Information leaked to the press about a just-completed congressional
report indicates the House Joint Committee on Taxation found no wrong-doing on the part of the
Internal Revenue Service when the agency audited certain non-profit
organizations deemed “political enemies” of the Clinton administration,
though White House officials are noted to have improperly requested
confidential taxpayer information.

Dozens of organizations were audited during the 1990s, including
Western Journalism Center, founded by WorldNetDaily Editor and CEO
Joseph Farah.

When WJC’s audit began in 1996, Farah blew the whistle on the case
and a pattern of other apparently political audits in October 1996 in
the Wall Street Journal. A
firestorm of protest ensued, resulting in the congressional
investigation, as well as the resignation of IRS Commissioner Margaret
Milner Richardson.

The IRS eventually closed the case against the Western Journalism
Center, finding no evidence of wrongdoing, and extending the center’s
tax-exempt status.

The committee’s investigation met with several delays in the three
years since it began, due, according to Chairman Bill Archer,
“to the investigation’s
complexity, scope and because it involved privileged information about
individual tax returns.”

Rep. Bill Archer, R-Texas

Archer said the investigation became “far more voluminous than was
originally anticipated.”

Finally concluded, the committee’s report details improper requests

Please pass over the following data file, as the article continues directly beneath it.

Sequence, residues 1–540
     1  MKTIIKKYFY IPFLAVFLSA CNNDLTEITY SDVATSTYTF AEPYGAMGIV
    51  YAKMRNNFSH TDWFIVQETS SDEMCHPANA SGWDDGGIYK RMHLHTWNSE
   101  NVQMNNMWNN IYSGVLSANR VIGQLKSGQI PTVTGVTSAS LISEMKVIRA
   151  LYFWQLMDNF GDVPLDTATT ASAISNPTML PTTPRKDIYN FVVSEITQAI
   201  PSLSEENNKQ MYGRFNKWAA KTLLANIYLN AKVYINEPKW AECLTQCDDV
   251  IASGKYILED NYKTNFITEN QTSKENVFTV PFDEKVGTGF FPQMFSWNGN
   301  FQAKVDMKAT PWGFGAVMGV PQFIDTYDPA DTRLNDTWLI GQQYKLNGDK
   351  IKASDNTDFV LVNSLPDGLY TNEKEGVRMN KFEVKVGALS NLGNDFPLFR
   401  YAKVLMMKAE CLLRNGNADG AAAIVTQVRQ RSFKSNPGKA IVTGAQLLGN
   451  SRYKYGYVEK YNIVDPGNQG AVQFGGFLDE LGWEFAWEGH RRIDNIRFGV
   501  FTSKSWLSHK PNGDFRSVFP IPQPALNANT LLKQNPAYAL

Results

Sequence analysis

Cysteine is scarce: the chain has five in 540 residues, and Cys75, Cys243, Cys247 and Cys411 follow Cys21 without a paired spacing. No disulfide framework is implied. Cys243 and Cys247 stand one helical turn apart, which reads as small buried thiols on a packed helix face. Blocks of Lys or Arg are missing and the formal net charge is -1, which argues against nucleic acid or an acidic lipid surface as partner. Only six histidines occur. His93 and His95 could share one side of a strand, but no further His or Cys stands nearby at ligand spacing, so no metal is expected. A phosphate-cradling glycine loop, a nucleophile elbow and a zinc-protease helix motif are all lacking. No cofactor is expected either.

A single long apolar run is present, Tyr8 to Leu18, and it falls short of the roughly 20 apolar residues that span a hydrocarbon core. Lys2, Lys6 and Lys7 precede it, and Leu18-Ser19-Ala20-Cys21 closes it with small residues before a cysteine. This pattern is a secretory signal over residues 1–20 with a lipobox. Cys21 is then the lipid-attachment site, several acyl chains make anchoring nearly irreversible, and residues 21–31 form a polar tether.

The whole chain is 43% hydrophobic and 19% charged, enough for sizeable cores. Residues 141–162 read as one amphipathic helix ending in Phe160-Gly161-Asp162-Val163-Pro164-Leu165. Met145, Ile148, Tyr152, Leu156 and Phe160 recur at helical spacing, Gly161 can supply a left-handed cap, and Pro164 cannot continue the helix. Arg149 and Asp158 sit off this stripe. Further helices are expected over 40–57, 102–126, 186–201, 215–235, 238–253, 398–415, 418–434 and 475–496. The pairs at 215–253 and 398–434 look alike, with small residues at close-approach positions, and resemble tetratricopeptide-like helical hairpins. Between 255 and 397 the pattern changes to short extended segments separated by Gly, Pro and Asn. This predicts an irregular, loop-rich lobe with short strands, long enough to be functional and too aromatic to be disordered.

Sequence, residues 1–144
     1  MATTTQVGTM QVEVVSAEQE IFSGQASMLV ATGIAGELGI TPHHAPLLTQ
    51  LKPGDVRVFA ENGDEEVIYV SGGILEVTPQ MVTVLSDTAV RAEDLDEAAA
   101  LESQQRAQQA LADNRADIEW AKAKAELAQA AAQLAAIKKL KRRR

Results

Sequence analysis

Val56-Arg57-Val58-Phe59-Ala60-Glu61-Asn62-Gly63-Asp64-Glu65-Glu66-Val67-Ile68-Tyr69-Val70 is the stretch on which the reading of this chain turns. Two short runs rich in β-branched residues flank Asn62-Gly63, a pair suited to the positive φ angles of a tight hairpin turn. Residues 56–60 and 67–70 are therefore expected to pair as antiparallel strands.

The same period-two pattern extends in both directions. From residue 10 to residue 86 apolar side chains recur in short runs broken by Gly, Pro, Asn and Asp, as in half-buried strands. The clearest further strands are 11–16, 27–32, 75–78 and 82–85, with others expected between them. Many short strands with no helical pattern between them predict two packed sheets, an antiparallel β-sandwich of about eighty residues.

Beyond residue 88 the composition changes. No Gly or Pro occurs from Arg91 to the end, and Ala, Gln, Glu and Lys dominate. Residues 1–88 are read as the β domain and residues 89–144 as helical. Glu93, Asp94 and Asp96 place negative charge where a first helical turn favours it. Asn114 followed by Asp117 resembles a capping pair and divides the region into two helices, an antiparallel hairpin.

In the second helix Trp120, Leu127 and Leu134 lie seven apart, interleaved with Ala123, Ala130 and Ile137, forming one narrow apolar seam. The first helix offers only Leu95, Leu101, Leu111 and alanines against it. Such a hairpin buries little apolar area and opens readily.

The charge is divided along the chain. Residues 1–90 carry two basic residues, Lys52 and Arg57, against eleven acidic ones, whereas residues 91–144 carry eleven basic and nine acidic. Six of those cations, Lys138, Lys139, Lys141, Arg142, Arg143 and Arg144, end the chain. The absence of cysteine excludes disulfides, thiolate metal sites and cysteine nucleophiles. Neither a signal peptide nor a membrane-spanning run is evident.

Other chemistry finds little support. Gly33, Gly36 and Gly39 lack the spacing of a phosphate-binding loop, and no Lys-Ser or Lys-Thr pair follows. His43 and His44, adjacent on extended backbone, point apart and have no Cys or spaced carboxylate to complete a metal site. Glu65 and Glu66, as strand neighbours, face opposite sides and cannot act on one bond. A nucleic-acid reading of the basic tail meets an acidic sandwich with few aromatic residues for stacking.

made by Clinton officials to the IRS.

One such request was made by staff from Vice President Al Gore’s
office to obtain “the status of certain forms filed by members of a
tax-exempt organization,” according to the report, which is scheduled to
be released tomorrow.

Gore’s staff members first tried to get the information, which
involved a union, from the Treasury Department. The department directed
them to the IRS in violation of the department’s rules, according to the

“The White House officials then, in violation of written White House
policies, contacted directly several IRS employees … and attempted to
secure taxpayer return information,” the report said.

White House officials disputed the report’s characterization, saying
the unidentified officials who made the contacts were authorized by the
counsel’s office as required by White House rules and were not seeking
tax return information.

“It appears it is a straightforward status check that was handled
appropriately by our office,” Gore spokeswoman Melissa Bonney Ratcliffe
told the Associated Press.

A Treasury Department official also made an inquiry in 1995 as to the
status of an examination of a tax-exempt organization to several IRS
officials, according to the report, which did not name the officials
involved nor the organization.

In both cases, IRS officials refused to give the administration
officials the information they sought, according to the report, which
stressed that there was no evidence the IRS targeted enemies for audits
or bent to political pressures.

“The Joint Committee staff found no credible evidence that the IRS
had improperly targeted for examination individuals related to